Archive | October 2016

Ulfila–Heretical Saint

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Ulfila  311-383 C.E.

          There’s a new man in my life!  My husband probably doesn’t need to worry too much about him, though, as this “new” man is really a very “old” man.  In fact, he’s been dead for over 1600 years, and I’m not even sure of his correct name.  Ulfila?  Ulfilas?  Ulphilas?  Wulphila? 

          Whatever.  I met Ulfila when I was reading a church history book some time ago.  He was given only one brief paragraph, but his story intrigued me, so I did a little further digging.  Born about 311 in Dacia, a northern province of the Roman Empire that was primarily inhabited by not-so-Christian Goths, Ulfila was, nevertheless, raised as a Christian by some of the few Christians scattered throughout Dacia.  The faith he was taught, however, was a “heretical” faith, for the Christians of the region were followers of Arius, and Arius had taught that Jesus was a lesser god created by God the Father, and that he did not share the same substance as the Father.

          Nevertheless, Ulfila was a devout believer in Jesus, and after traveling south to Constantinople to train under an Arian bishop for a life of ministry in the church, Ulfila was in due course consecrated as Bishop to the Goths.  When he returned to his home in Dacia, Ulfila served his people and taught them in the Arian way.  Jesus was only “like” the Father.  Jesus was “lower” than the Father.  Jesus was not really God. 

          But Arian though he was, this little known heretical saint is well worth knowing about, as there is so much of value and worth in Ulfila’s life.  After spending about 8-10 years as a missionary in Dacia among the Goths, Ulfila was forced to flee south because of Gothic persecution of Christians.  While in virtual exile, he decided to translate the entire Bible into the Gothic language.  One big problem.  There was no Gothic alphabet.  That, however, did not deter Ulfila.  He simply invented an alphabet for the Goths and then proceeded to translate the entire Bible into their language.  Almost.  Ulfila decided not to include the Books of 1 and 2 Kings in his translation of the Bible.  The Goths, he reasoned, didn’t need any encouragement to exercise their often violent tendencies.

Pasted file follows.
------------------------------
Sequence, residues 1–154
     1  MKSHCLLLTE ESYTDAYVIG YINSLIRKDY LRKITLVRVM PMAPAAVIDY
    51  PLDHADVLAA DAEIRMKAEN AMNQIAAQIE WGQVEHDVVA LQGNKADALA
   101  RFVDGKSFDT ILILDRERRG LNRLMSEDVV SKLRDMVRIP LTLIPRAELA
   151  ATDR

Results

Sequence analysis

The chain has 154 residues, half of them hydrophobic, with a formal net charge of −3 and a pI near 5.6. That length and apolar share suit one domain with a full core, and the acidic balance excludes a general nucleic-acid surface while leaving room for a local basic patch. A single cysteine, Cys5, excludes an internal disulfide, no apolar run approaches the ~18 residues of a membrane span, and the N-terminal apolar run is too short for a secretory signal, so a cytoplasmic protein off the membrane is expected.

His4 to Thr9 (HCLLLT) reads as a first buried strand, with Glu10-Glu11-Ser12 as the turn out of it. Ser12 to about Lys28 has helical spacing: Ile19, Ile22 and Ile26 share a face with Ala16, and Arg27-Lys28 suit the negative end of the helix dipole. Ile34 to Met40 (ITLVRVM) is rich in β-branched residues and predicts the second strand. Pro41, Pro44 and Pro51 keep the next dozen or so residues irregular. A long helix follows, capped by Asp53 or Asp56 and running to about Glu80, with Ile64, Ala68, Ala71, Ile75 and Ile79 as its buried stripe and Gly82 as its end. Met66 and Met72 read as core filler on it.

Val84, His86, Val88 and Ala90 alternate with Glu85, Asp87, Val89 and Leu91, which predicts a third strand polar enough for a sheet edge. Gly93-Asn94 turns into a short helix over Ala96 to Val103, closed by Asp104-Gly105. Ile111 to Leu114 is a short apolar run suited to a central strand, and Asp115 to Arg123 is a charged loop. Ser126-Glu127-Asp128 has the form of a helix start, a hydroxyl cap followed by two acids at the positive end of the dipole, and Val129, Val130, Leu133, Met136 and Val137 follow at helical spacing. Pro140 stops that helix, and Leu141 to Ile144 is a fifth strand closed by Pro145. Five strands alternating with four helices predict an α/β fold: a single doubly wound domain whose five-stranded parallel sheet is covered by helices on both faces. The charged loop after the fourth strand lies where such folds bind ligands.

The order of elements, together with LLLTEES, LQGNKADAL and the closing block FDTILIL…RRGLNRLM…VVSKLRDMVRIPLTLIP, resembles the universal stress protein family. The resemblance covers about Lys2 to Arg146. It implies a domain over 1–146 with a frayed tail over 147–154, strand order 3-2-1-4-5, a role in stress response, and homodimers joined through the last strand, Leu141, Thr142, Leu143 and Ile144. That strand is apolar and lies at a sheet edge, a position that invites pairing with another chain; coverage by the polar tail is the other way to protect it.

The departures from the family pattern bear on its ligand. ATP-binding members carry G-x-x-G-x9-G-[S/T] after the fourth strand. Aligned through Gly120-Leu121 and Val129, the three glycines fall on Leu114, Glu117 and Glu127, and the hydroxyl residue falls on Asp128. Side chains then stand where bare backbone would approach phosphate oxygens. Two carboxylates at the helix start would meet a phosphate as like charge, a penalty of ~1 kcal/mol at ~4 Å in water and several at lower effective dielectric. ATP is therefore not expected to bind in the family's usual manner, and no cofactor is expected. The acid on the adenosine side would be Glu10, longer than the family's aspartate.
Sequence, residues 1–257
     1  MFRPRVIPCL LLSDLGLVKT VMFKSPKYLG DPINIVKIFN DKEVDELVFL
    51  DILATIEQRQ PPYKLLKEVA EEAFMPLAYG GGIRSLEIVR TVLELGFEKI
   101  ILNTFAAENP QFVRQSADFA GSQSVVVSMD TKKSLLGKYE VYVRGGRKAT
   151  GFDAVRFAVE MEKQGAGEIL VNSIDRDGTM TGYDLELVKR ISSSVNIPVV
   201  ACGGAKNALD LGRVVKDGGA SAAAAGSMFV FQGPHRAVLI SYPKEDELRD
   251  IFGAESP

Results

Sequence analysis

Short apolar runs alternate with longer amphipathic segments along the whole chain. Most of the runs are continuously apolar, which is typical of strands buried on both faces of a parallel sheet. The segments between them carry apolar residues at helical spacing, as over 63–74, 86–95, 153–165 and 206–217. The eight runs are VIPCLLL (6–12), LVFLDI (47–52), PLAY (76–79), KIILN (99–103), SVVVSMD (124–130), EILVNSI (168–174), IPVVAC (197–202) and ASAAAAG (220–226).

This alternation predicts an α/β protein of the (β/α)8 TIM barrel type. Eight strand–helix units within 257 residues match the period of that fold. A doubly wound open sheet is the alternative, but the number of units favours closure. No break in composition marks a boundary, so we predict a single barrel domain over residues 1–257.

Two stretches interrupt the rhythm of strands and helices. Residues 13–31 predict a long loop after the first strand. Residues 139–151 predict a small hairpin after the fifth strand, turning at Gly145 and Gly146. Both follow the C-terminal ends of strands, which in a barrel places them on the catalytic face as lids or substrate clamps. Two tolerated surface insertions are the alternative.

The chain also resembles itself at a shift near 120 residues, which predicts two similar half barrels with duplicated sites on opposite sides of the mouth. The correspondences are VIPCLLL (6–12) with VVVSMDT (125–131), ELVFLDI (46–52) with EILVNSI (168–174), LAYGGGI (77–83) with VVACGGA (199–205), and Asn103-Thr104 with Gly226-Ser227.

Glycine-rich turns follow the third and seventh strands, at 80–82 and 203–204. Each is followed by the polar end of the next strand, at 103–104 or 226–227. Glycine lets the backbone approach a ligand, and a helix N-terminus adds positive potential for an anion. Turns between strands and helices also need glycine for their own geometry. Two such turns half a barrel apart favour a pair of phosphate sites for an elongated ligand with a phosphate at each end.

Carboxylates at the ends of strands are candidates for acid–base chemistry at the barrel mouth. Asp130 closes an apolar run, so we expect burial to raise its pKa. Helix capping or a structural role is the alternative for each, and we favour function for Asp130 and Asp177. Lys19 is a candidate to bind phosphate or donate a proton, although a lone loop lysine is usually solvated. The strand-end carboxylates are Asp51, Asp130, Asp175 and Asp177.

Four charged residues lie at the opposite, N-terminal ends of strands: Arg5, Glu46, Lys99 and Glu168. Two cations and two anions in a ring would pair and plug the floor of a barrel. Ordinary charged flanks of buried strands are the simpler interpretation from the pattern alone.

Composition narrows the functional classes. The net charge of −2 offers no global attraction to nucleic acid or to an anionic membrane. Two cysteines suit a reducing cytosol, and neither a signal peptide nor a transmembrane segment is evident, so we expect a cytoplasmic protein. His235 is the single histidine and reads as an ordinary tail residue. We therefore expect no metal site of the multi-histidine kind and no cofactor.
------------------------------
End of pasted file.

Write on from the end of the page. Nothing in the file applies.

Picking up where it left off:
All this and only one short paragraph in a book of church history?  Probably due to his heretical Arianism.  In another church history book, I could not even find his name listed in the index!  But quite honestly, I rather like having a “heretic” among the great cloud of witnesses watching us as we “feebly struggle” while they “in glory shine.”  It makes me a little more humble about what I know and what I don’t know.   I grew up in a very fundamentalist church, and we were so sure, so very sure that we had all of God’s truth neatly tucked into our little God box.  But the older I get, the more I realize how incomplete, how inadequate my understanding of the faith really is.  And while, to be sure, I’m grateful for the creeds that emerged from all the wrangling in the church’s early years, I’m more and more aware that while these creeds point to the truth, they don’t fully define the truth.  So I’m quite happy to envision Ulfila as a part of that great cloud of witnesses worshiping and praising our Lord and at the same time cheering us on as we wend our way through life.